We can have a positive effect on students’ behaviour by demonstrating a sense of fairness and consistency and taking time to chat to them outside the classroom, says Dave Stott

The topic for homework was the Ancient Egyptians, and having been quite stimulated by the introduction to the topic during the morning the Year 6 pupil couldn’t wait to find out more. The homework was due to be handed in by the end of the week and for two whole hours the youngster put together a collection of copied accounts and stories of the Ancient Egyptians, even managing to print off some photographs from articles found during a search on the family computer. It wasn’t a masterpiece, but it reflected a sense of motivation and effort.

The homework was duly handed in on the Friday and the youngster waited expectantly all next week for the teacher’s comments. But the homework was not returned for almost two weeks, and the only comment made by the teacher on the work was ‘poor’. Needless to say, the youngster’s keenness and motivation took a very steep dive. Over the next few weeks there was clear evidence of low-level behaviour problems. Off-task behaviour, disruption to other learners, refusal to comply and, at home, problems for mum and dad to even get him to attend school. Reluctance to get ready in time for school in the morning quickly accelerated into feigned illnesses.

Some of you will be able to empathise with the above, and will indeed, even many years on, be able to remember something that was said or done to you by an adult in school that has not only stayed with you, but has had a dramatic effect on your own behaviour and motivation.

Practical Tips
Some readers may well be thinking that the brief account above is too far-fetched and simply does not happen in schools these days. We spend much time and effort writing individual education plans and behaviour plans; we track behaviour and try to work out how to motivate students who exhibit low-level, chronic behaviour problems. We wrestle with problems over students’ disengagement with the learning environment and, at sometimes great expense, set up elaborate arrangements to help them re-engage with the learning process.

But in our efforts to deal with the big problems it is easy to overlook the simple actions. Thinking back to your own school days: how did your best teacher manage to motivate you? What were the techniques he or she used to stimulate that lifelong interest in learning – an interest that did not include challenging or off-task behaviour? Some of the memories running through your mind will no doubt include words and phrases such as:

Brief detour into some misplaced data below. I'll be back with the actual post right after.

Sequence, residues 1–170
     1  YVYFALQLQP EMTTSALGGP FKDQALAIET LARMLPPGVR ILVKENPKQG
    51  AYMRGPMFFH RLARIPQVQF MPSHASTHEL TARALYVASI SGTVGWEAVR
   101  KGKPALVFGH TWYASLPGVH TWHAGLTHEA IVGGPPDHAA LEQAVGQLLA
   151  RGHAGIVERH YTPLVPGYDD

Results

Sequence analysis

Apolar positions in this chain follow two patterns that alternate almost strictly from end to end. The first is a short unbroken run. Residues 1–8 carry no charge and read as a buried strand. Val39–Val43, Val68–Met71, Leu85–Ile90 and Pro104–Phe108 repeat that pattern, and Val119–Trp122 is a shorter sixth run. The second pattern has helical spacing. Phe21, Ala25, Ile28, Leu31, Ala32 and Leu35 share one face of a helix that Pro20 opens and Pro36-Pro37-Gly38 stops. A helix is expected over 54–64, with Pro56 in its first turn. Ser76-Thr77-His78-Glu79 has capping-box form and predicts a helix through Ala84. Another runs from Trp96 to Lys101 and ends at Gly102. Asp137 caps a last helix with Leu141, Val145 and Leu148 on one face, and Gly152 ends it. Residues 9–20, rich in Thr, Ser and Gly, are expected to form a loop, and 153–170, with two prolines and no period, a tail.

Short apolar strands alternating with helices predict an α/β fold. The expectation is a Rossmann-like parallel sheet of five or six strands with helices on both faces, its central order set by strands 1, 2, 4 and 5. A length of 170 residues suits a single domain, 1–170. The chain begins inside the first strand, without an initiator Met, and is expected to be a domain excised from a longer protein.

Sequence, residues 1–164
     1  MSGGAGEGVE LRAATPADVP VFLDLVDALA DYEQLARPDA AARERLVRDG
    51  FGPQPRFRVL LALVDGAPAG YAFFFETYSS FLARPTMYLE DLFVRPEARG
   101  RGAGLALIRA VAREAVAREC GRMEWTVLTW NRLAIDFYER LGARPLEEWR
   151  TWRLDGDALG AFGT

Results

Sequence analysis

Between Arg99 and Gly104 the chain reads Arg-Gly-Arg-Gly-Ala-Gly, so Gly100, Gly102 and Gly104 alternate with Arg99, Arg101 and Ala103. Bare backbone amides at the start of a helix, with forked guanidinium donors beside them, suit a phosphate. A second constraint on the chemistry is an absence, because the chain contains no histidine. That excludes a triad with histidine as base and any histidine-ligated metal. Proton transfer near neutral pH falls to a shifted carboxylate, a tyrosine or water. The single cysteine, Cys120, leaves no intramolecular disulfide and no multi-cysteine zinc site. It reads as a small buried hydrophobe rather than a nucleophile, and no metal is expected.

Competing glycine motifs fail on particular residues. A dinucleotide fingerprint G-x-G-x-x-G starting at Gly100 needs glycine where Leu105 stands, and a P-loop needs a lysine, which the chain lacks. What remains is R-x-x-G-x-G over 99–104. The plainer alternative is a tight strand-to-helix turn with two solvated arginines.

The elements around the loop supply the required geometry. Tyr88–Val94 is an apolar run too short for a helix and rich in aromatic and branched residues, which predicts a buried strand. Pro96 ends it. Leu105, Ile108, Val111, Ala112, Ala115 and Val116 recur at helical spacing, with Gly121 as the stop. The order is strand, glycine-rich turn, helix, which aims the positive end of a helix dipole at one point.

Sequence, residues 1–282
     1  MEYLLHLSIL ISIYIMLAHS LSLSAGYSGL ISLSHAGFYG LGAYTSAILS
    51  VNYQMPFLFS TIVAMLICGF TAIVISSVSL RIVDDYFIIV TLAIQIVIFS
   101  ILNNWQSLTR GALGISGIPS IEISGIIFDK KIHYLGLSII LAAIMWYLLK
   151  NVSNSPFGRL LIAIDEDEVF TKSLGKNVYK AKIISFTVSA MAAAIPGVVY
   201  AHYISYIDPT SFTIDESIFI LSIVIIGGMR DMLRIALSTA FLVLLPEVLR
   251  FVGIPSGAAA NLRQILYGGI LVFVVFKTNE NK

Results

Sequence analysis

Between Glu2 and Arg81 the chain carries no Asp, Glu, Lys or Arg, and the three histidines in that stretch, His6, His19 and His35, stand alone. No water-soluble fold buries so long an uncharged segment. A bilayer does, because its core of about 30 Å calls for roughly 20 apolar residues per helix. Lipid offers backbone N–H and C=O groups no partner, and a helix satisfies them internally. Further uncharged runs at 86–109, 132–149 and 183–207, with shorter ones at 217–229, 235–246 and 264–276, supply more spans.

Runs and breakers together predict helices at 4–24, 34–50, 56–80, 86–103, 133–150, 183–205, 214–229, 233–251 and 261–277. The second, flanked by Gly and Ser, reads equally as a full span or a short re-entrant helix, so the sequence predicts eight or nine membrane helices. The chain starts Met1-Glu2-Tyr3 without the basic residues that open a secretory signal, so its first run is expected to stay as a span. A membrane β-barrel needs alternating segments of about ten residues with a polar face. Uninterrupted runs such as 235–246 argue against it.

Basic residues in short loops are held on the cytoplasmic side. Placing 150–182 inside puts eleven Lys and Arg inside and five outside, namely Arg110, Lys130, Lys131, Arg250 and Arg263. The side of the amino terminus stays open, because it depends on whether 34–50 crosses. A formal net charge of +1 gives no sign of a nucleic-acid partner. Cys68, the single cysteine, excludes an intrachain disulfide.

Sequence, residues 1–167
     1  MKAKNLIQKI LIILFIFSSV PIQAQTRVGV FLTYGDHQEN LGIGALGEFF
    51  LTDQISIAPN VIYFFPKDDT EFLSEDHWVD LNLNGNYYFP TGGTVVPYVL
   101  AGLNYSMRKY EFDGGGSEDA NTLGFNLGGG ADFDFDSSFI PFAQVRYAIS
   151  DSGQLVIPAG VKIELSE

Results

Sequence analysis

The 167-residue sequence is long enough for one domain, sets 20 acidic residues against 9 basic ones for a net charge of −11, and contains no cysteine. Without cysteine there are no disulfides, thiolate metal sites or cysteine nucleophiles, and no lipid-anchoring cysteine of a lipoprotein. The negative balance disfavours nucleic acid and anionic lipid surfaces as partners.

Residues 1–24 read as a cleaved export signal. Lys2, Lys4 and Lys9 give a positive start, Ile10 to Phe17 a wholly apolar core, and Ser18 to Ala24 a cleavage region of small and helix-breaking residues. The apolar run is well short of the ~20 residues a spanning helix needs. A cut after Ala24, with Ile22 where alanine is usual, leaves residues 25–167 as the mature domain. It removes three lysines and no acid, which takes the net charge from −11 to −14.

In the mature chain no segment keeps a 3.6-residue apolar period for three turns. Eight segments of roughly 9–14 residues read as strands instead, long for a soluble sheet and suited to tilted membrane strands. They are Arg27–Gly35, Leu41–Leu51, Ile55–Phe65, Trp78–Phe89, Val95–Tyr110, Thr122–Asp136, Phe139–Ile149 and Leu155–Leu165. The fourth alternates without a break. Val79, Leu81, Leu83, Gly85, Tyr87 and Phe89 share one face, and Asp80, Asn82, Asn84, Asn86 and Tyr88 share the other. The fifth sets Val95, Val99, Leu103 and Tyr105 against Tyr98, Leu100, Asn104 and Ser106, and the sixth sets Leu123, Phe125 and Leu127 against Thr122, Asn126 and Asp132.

• a love of the subject
  • a mutual respect
  • trust
  • reliability
  • always having time for you
  • fairness
  • consistency
  • never giving up.

Put into the context of the classroom, it is sometimes difficult maintain a focus on the phrases above. Academic pressure, the need to achieve or other pressing initiatives being undertaken by the school can all have a detrimental effect on our ability to practise some of the most simple and yet effective behaviour management techniques.

Demonstrating a sense of fairness and consistency and having the time to chat to students outside the environment of the classroom can produce dramatic changes in even the most difficult of students. Students may well find this ability to form positive relationships with staff a step too difficult to manage. As responsible adults it is our role to encourage this air of positivity, fairness and consistency.

No matter what problems are being faced outside school and whatever pressures are having to be coped with in school, it’s our role as adults to ensure that the time the student spends with us is the most successful and motivational part of their lives. We should hold the elements of social and emotional aspects of learning (be self-aware; manage our feelings; be motivated; empathise; use our social skills) as the key to success. We should not only master the elements in our own behaviour but should also provide opportunities for students to learn and develop their own skills, while ‘catching’ them from their peers and teachers.

This e-bulletin issue was first published in March 2010

About the author: Dave Stott has 30 years’ teaching experience including seven years as a headteacher. He has worked in mainstream and special schools, and Local Authority behaviour support services. Dave is now a writer, consultant and trainer.